Finding a Balance: Nevada’s Landlord Tenant Laws

Whether you are contemplating getting into the real estate market in order to make money from renting property or simply looking for a decent place to rent, it pays to learn more about Nevada’s landlord tenant laws. They are meant to find a balance between protecting the landlord and protecting the tenant, which is not necessarily always straightforward or easy.

If you are a landlord already or are thinking of renting your property, it may be sensible to discuss your legal rights and responsibilities and possible renting options with a Nevada real estate attorney. Conversely, if you are a tenant and are having a dispute with your landlord and are not sure of your rights as a tenant then an attorney may be able to clarify your position and advise you of an acceptable solution.

Concerns for Landlords

Landlords are most concerned that they have responsible tenants, who pay the rent on time and look after their property. Most landlords understand that the freedom to dictate how long a tenant stays in their property must be restricted to give the responsible tenant a certain amount of security that they aren’t going to be suddenly homeless and have time to make other arrangements.

Landlords can enter their property if they are worried about its condition, but they must five 24 hours notice to the tenants in advance unless the tenant allows them in earlier.

If a landlord suspects or believes that a tenant has done substantial damage to the property then he or she can give 3 days’ notice to leave the property before filing for eviction.

Sensible landlords put in writing the conditions of the tenancy, particularly the tenant’s responsibilities to look after the property until the tenancy is terminated. It should also include the amount of the security deposit (usually a maximum of 3 months’ rent), the amount of rent and a list of items in the property if this is part of the rental. The rental agreement can be made up with the help of an attorney, although this is not strictly necessary and may be something which a real estate agent can arrange for you.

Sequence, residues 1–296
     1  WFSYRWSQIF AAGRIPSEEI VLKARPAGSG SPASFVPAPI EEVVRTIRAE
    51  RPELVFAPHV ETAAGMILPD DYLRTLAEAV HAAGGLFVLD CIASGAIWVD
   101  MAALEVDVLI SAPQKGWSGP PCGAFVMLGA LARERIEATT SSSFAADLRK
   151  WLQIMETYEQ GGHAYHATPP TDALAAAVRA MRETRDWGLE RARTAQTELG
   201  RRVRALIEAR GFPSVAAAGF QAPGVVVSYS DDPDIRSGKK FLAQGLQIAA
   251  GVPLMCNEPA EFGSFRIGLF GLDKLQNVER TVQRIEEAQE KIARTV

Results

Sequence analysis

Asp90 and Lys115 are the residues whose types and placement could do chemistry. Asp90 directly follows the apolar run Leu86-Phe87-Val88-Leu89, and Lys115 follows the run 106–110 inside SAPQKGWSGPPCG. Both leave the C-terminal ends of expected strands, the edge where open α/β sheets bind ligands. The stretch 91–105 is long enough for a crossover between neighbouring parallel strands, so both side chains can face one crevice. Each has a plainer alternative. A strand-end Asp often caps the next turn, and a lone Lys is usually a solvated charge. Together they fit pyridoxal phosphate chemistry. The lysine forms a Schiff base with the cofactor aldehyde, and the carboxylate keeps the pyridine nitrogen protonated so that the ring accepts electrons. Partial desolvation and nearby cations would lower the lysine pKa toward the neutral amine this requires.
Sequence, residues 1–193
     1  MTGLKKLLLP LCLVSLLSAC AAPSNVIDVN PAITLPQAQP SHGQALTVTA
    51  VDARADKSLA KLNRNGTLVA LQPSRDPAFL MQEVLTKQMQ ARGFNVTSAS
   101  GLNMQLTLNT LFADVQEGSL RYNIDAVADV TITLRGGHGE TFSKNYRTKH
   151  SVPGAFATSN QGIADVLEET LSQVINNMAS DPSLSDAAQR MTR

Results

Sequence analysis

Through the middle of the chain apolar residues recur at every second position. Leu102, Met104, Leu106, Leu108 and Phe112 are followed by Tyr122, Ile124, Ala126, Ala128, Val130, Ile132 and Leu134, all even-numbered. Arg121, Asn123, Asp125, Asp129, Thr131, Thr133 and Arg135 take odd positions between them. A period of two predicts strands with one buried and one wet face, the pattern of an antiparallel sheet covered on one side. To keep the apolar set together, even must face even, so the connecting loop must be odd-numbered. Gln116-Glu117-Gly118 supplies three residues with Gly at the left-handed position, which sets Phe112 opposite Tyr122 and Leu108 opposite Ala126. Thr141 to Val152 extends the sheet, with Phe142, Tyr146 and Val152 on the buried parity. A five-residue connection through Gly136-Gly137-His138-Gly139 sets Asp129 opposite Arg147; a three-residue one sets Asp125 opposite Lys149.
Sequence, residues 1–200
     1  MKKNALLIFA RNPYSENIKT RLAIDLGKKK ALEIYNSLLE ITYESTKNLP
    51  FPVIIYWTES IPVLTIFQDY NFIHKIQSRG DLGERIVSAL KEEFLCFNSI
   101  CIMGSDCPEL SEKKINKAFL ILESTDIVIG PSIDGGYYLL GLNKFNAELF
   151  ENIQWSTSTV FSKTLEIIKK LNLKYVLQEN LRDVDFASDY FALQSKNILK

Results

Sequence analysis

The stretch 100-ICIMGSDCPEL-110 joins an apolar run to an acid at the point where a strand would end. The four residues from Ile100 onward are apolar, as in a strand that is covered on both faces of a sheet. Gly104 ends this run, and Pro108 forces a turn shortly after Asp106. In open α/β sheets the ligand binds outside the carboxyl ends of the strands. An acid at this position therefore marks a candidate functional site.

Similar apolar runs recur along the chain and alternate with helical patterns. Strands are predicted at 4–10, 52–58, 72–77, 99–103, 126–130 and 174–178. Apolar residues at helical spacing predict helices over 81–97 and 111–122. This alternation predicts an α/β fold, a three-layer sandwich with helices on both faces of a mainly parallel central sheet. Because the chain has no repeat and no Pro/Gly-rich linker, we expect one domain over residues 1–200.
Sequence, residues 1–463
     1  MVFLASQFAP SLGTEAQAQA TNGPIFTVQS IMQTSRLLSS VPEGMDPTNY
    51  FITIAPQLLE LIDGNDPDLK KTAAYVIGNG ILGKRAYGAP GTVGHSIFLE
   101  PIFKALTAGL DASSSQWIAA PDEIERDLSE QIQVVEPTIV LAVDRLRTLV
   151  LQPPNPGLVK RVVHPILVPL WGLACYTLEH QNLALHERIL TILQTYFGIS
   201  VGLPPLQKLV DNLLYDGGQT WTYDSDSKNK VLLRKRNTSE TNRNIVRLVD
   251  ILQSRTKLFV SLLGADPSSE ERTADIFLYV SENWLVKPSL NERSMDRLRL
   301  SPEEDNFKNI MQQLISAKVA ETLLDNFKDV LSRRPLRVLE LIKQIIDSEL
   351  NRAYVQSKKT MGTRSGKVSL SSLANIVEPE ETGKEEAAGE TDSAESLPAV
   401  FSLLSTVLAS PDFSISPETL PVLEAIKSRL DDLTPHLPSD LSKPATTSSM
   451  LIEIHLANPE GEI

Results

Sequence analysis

Concerns for tenants

Tenants are most worried that they are going to be evicted sooner than they planned and that the property is safe and in a good state of repair. Tenants appreciate good landlords who attend to repairs that arise which are not the fault of the tenant promptly.

Rental properties in Nevada are usually dependent on a security deposit being paid. By state law, this amount cannot exceed 90 days. When the tenant leaves the property, the deposit must be repaid within 30 days. Tenants who have not had their security deposit returned within the 30 day time period are able to sue the landlord in the small claims court, up to a maximum of $7,000.

Tenants must be given 45 days notice of a rent increase and 3 days notice to comply if there has been a rental agreement violation. The tenant will also have 5 days after the 3 day compliance period before eviction if they don’t comply with the request.

Tenants also have the right to withhold rent if the landlord fails to make suitable repairs to the property as long as the tenant wasn’t responsible for the damage.

Federal laws for landlords and tenants

Landlords and tenants may be surprised to know that the state is not the only one to have laws on rights and responsibilities of renting. There are a number of federal laws too. These are mainly to do with health and safety conditions, such as notifying the tenant if there is lead based paint anywhere in the property.

One of the more unique laws in Nevada concerning tenancies is that a tenant is allowed to fly the U.S. flag at a property they are renting!

For any doubts about landlord tenant legal rights and responsibilities in Nevada, talk to an attorney at Pintar Albiston in Las Vegas. You can make an appointment by calling the office on 702-685-5366.